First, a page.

Free Online Resources About College Financial Aid

Mother and teen lounging on bed with open laptop and jars containing money going over financial aid information

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Students and parents can find the world of college financial aid to be overwhelming. Even for those who have already been through the process, changes and updates can almost make it feel like they’re starting back at square one. Here are some free online resources to help make the undertaking a bit easier.

The Federal Student Aid Website

Federal Student Aid is an office of the U.S. Department of Education, and its website is the logical first place to start. There are five tabs at the top of the page: Prepare for College, Types of Aid, Who Gets Aid, FAFSA: Apply for Aid, and How to Repay Your Loans. (FAFSA stands for Free Application for Federal Student Aid.)

The Prepare for College part of the site offers advice and information for both students and parents, including checklists of things to do at multiple grade levels. Types of Aid includes info on tax benefits and avoiding scams. Who Gets Aid covers who is eligible and ineligible for aid and how someone can regain eligibility. As well as information on filling out the FAFSA, Apply for Aid provides a link to the FAFSA4caster, which helps you estimate your future eligibility for aid. And How to Repay Your Loans covers such topics as consolidation, deferment, forgiveness, delinquency, and default.

The FAFSA form is available starting on October 1 for the following school year. In order to complete the form, you will need:

  • Your Social Security number and your parents’ Social Security numbers if you are a dependent student
  • Your driver’s license number if you have one
  • Your Alien Registration Number if you are not a U.S. citizen
  • Federal tax information or tax returns including IRS W-2 information, for you (and your spouse, if you are married) and/or for your parents if you are a dependent student or a foreign tax return if you are not a U.S. citizen
  • Records of your untaxed income—including child support, interest income, and veterans benefits—for you and your parents if you are a dependent student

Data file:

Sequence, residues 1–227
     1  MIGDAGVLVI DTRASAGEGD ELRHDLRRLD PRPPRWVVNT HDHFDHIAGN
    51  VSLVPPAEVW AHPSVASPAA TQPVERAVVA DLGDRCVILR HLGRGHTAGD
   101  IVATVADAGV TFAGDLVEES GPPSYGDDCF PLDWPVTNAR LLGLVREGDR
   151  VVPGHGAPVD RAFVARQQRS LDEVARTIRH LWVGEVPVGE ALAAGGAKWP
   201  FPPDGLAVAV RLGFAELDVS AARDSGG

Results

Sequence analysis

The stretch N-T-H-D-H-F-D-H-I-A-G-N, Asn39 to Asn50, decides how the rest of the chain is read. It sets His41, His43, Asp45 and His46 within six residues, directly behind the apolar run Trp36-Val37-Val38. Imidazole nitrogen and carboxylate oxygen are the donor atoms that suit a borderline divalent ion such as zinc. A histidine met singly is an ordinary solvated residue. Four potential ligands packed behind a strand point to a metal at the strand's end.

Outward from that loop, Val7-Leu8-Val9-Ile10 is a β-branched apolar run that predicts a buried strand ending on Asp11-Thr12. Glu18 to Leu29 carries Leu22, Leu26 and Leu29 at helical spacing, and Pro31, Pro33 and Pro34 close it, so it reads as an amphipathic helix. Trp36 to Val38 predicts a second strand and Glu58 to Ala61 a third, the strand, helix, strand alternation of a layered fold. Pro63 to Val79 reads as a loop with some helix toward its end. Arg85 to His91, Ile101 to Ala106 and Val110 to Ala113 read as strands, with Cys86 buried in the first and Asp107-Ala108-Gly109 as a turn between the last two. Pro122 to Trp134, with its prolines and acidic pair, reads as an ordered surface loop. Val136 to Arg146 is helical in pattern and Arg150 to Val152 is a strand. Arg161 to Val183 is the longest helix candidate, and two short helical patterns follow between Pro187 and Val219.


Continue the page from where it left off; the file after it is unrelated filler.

• Information on cash holdings; bank account balances; investments, including stocks, bonds, and real estate (but not the home in which you live); and business and farm assets for you and for your parents if you are a dependent student

There are several questions to answer to determine whether you're a dependent student, including ones regarding your age and marital status.

In order to electronically sign the completed FAFSA, you or your parent (if you're a dependent student) must create an FSA ID, which consists of a user name and password.

If you provide some basic information, the FAFSA4caster will estimate your eligibility for federal student aid. Your estimate will be shown in a College Cost Worksheet that enables you to enter estimated amounts of other student aid and savings that can go toward the cost of higher education.

College Scholarship Websites

It makes sense to find and apply for as many scholarships as you can. Unlike some other forms of financial aid, scholarships don’t have to be repaid. Merit-based scholarships are earned by meeting or exceeding standards set by the scholarship sponsor. Some scholarships may be based on financial need. Other scholarships are geared toward a particular group of people, and some are available because of where you or your parents work or went to school.


The U.S. Department of Labor’s CareerOneStop website lists more than 8,000 searchable scholarships, fellowships, grants, and other financial aid opportunities. (It also offers a lot of career-related guidance, including skill and interest assessments, information on job training programs, and a database of job postings.)

This website allows you to search for scholarships, grants, and loans without requiring you to register or log in. It also provides information on higher education-related topics such as application essay writing and the cost of books.

Scholarship America

Scholarship America describes itself as the "largest nonprofit, private scholarship organization" in the U.S. The Scholarship America Hub matches you up with applicable scholarships.

Other Helpful Websites

These websites should also prove useful to students and parents.


FinAid—which is affiliated with Fastweb, another scholarship search site—has a wealth of information about financial aid. The easiest way to get started looking for helpful pages is to click on Site Map so the very large number of topics will be divided into such categories as Military Aid, Calculators, and Educators.

While this website focuses on 529 college savings plans, it also has a page dedicated to financial aid.

U.S. News/Education

U.S. News & World Report's "Education" vertical has sections on Community Colleges and Online Colleges and a page dedicated to paying for college.